Magazine article In These Times

Disabled and Disobedient

Magazine article In These Times

Disabled and Disobedient

Article excerpt

DENVER-At 7 p.m. on June 29, Republican Sen. Cory Gardner's office resembles a middle-school sleepover, blankets and snacks scattered across the floor. Only the jaunty flag dangling from the wall exposes the scene for what it really is. "Our Homes, Not Nursing Homes," it reads. Disability-rights activists with ADAPT are worried the GOP's proposed cuts to Medicaid could force them into institutions by slashing support for home- and community-based services. This is a sit-in.

After nearly 60 hours, a phalanx of police officers appears in the doorway, zip ties in hand. The disability rights activists on the floor begin to chant: "Rather go to jail than die without Medicaid."

Moments later, a slow procession out of the office begins, police awkwardly maneuvering wheelchairs. Cameras crowd around, broadcasting images around the world.

The national media started paying attention to ADAPT in June, when chapters organized protests at offices of GOP senators across the country, from Alaska to Ohio to Florida. But this is not ADAPT's first rodeo. It is more like another day at the office.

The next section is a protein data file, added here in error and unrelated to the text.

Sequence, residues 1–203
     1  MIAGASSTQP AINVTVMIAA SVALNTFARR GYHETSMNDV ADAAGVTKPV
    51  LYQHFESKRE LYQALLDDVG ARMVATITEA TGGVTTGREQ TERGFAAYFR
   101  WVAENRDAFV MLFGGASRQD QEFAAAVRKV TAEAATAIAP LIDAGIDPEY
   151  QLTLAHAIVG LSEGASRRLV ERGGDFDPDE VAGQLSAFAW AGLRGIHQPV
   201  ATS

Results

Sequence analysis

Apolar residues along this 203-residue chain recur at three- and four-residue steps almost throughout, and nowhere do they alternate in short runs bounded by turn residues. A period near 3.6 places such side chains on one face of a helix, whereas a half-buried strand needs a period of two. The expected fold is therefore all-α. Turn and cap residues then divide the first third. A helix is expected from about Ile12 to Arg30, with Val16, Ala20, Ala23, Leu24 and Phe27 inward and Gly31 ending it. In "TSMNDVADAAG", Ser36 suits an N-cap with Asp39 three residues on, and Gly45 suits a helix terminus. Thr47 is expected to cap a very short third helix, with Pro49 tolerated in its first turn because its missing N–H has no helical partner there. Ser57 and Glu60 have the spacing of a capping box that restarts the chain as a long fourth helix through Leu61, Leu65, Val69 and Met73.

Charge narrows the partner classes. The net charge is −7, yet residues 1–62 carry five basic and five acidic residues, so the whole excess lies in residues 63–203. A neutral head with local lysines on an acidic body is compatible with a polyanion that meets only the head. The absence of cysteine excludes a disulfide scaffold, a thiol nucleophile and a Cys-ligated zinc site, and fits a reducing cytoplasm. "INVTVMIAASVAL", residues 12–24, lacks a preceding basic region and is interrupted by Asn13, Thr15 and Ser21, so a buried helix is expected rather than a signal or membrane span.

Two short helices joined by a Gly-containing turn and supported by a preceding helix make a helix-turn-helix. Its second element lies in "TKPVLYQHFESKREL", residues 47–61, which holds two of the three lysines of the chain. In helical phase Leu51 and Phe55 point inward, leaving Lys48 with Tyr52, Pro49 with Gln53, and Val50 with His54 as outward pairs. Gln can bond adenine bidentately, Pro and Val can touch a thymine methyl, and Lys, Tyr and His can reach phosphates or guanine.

When ADAPT activist Carrie Ann Lucas declined to assist Denver officers with the operation of her wheelchair, she was arrested and charged with interference with police. She was quickly released, however, because sheriff's department personnel were worried about handling her ventilator. "I feel a little bit discriminated against," she tells In These Times, "that I didn't get to enjoy the fine accommodations of the sheriff's department with everyone else." For Lucas, this form of protest taps into a long and deep tradition. "We are persistent, and we were going to persist," she says.

Fittingly, ADAPT's work started in Denver, in 1978, when the group, then called Atlantis, blocked city buses to demand accessible transit. Nine years after Atlantis roared onto the scene, another group of loud, rowdy activists arose: the AIDS Coalition to Unleash Power, aka ACT UP. …

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